Surrogacy is becoming increasingly common, with both couples and single men and women turning to a surrogate as a way of starting their family. Midwives need to be able to give excellent and individualised care for the surrogate (this is the preferred term) as well as the intended parents or parent.
Our new clinical briefing on surrogacy is aimed at midwives and maternity services. We want to ensure that midwives and maternity support workers know the legal situation of surrogacy as well as giving some practical tools to help them in the care of these families. Our i-learn module complements our briefing with additional information and learning points.
In the UK, surrogacy is undertaken on an altruistic (expenses only) basis. UK-based couples and individuals can also choose to use commercial surrogacy organisations which are based abroad. However, as the pregnancy and birth are in the home country, midwives do not get involved in these cases.
The surrogate should be the focus of maternity care from their midwife and others in the maternity team. We know that the actions and attitudes of healthcare staff can have a significant impact on the experiences of surrogates and intended parents so compassionate care and understanding should be given to all.
A birth plan is normally part of the surrogacy agreement prepared by the surrogate and intended parents or parent, ideally before conception. This sets out the many issues commonly found in birth plans, such as place of birth and who would be present at the birth. A care planning meeting should be held from 32 weeks gestation between the midwife, surrogate and intended parents or parents to discuss the birth plan and early postnatal care.
It is helpful to consider:
- whether the surrogate wishes to see or touch the baby at birth;
- if the intended parents are not present at the birth, when the baby will meet them;
- who wishes to cut the cord and announce the baby’s gender;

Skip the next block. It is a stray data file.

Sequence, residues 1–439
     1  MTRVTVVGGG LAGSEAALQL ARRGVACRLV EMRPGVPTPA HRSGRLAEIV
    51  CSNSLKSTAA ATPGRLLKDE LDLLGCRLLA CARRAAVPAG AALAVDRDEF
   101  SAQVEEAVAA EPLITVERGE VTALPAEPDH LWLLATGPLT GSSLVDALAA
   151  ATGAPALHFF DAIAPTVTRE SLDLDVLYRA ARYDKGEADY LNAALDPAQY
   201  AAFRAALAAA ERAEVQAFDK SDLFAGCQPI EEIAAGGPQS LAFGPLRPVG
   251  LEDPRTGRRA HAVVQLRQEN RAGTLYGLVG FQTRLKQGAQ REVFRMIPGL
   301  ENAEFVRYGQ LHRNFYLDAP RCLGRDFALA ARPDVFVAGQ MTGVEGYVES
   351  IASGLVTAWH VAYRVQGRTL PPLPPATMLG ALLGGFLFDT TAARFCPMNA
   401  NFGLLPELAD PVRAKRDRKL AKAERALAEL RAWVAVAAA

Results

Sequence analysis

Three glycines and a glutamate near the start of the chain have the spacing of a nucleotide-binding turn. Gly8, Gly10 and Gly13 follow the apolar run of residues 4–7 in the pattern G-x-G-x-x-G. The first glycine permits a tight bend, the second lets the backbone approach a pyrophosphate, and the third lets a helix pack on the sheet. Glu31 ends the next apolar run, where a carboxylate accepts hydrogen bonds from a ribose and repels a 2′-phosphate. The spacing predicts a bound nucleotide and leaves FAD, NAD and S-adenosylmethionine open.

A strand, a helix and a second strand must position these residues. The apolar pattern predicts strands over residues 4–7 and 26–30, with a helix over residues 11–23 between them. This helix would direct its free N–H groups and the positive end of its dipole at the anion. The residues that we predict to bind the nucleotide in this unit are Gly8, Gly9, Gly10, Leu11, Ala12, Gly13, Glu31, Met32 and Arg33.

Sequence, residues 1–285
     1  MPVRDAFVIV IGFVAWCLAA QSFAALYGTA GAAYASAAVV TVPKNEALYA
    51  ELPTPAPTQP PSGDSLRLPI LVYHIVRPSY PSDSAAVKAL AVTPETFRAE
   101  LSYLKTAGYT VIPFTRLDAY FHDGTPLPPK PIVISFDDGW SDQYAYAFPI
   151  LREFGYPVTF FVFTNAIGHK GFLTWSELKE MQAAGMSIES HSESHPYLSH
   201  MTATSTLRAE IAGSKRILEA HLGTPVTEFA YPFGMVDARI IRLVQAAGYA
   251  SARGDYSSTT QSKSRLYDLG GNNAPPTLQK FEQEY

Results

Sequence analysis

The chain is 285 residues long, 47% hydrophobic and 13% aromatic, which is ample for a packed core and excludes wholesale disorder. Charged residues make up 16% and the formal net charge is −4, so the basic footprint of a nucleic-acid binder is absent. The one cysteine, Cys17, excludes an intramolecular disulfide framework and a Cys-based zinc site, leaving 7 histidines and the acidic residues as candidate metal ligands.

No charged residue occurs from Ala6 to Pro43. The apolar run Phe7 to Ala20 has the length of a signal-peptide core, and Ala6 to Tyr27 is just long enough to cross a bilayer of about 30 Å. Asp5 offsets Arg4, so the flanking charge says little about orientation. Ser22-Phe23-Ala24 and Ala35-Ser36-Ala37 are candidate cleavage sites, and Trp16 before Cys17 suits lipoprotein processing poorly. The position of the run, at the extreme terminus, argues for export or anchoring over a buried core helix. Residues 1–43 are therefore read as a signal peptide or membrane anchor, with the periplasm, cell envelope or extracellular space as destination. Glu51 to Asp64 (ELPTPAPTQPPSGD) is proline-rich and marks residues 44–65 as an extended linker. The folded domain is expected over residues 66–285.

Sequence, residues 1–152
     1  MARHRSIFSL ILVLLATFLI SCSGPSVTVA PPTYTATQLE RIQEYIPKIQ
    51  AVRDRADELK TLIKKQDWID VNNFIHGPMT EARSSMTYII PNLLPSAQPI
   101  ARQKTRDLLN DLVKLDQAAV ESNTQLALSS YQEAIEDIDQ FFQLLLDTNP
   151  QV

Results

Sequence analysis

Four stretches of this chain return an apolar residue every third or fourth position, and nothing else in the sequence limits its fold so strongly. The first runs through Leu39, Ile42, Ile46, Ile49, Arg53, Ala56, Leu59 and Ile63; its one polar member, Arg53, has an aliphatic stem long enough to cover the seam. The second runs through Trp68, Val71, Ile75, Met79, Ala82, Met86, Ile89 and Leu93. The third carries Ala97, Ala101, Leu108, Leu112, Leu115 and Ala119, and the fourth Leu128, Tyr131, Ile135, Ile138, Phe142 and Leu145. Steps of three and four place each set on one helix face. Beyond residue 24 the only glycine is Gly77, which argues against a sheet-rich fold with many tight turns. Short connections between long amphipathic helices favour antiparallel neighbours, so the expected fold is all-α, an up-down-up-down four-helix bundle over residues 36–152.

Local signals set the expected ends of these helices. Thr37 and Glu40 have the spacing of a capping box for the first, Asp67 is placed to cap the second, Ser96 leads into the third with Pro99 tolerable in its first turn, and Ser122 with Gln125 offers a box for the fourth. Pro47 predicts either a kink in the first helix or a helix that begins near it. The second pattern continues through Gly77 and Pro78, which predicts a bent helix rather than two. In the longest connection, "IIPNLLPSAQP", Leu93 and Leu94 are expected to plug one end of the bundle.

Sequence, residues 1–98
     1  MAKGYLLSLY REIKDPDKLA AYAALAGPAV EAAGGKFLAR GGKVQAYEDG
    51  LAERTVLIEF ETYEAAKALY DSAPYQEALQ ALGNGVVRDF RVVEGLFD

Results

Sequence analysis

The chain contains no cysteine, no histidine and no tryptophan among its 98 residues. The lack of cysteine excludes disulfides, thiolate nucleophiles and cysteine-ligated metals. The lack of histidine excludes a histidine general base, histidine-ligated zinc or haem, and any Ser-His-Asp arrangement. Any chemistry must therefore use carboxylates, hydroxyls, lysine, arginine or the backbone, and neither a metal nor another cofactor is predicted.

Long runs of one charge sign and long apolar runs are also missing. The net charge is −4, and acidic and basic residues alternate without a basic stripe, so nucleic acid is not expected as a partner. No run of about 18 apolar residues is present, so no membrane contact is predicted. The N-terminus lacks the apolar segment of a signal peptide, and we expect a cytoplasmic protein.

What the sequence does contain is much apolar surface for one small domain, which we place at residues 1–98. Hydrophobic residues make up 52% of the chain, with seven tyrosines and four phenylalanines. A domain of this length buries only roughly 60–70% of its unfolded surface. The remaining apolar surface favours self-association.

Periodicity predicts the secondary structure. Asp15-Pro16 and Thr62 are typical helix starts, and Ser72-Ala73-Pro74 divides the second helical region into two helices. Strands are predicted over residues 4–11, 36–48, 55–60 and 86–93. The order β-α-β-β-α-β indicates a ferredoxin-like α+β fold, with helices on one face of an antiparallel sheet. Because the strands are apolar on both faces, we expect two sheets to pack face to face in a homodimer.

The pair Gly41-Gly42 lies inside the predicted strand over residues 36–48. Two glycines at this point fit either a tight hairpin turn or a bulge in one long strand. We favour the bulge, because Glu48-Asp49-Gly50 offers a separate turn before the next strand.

- who will give skin to skin contact to the baby?
Legal parenthood lies with the surrogate and her partner (if she has one) until it is transferred to the intended parents through legal process. This currently can only be applied from six weeks after the birth, although the law is due to change in 2022. Staff should recognise that intended parents or parent can feel vulnerable and anxious as the time of birth approaches. They have no legal standing and their relationship with the surrogate can vary. The birth may also be a time of psychological distress to some intended parents due to personal history of fertility or loss.
The RCM recommends:
- Hospital Trusts and Boards should publish local guidelines for surrogate pregnancies, based on the Department of Health and Social Care 2021 guidelines.
- Hospital trusts and Boards should have an identifiable lead for surrogacy who can provide expertise, advice and support to health care professionals.
- Electronic records should be able to record surrogate pregnancies for better data collection.
- There should be more research into how surrogates and intended parent/s should be best cared for and supported by midwives and other maternity staff.
- Midwives, MSWs and others in the maternity team should receive education and training on surrogacy.
Surrogacy organisations in the UK: